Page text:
New Law to Screen Online Products, Services in Key Sectors
(Beijing) — Online products and services in critical industries like finance, telecoms and energy will be audited for vulnerability to information leaks and hacking, China’s online security watchdog said, in the nation’s latest move to boost cybersecurity.
The Cyberspace Administration of China, which doubles as the Office of the Central Leading Group for Cyberspace Affairs that directly reports to President Xi Jinping, in an internet posting on Saturday sought public opinion on its draft internet product and service security inspection law, a follow-up to the sweeping Cybersecurity Law that was passed last November and will take effect in June.
The draft spells out who exactly will be responsible for putting different elements of the Cybersecurity Law into practice and how, said Shen Yi, deputy director of the Cyberspace Governance Research Center at Fudan University in Shanghai.
“Though such inspections alone are not enough to ensure that the hardware and software on supply chains will be safe, they are imperative to establishing and enhancing the nation’s cyber governance and sovereignty,” Shen said.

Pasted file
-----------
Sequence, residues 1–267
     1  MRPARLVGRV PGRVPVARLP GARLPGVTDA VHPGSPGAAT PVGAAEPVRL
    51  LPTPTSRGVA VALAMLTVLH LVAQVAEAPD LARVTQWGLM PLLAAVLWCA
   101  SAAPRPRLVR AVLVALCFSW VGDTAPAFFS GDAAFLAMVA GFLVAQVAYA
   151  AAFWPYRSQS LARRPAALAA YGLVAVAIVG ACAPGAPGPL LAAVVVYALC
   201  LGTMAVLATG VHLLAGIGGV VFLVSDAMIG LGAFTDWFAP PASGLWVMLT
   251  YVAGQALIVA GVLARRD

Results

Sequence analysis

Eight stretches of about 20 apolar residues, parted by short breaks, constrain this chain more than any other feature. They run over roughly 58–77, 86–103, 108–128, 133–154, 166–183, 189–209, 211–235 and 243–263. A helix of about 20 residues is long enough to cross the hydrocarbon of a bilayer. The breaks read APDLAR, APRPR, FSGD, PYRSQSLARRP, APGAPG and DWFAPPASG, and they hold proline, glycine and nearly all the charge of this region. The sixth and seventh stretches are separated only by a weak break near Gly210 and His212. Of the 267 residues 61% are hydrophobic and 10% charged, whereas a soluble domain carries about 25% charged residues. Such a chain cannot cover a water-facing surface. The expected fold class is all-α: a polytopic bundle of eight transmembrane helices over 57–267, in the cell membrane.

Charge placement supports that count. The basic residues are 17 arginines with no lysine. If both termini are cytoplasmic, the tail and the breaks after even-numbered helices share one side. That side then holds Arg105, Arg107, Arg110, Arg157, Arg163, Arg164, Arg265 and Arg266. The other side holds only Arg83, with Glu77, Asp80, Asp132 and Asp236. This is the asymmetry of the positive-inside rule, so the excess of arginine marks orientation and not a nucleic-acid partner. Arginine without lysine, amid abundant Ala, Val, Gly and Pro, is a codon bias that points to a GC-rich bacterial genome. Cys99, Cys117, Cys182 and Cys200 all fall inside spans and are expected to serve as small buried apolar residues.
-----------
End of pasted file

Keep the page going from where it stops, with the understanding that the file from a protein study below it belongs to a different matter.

The new measures are mainly designed to find and eliminate loopholes in products used by public infrastructure operators, according to the draft. Products and services will be scrutinized to prevent malicious manipulation, interference, or interruption of services, as well as piracy and theft of key components, it said.
Together with a third party committee, the Cyberspace Administration will lead a Security Inspection Council, and will assess the controllability and security of products ranging from payment systems to hydropower monitoring software and commercial satellites.
The council is required to publish its findings and conclusions to the public and release evaluation reports.
Shen said the new rules are designed to review suppliers and their products currently in the supply chain in crucial industries to find potential security risks. “This law will be an important instrument that gives China discretionary power over key sectors, and we should expect it will be implemented under national treatment principles,” he said.
Foreign firms have complained that the law’s new requirements often force them to reveal important proprietary information and work with local partners, many of them state-owned entities with government ties. Others remain skeptical over the potency of the new laws, including concerns over unwanted consequences.
“There’s nothing to be said against state security, but perhaps it’s a mistake to make such inspections the norm, instead of simply a countermeasure in certain political climates,” said an industry observer who spoke under the condition of anonymity.
Contact reporter April Ma (firstname.lastname@example.org)
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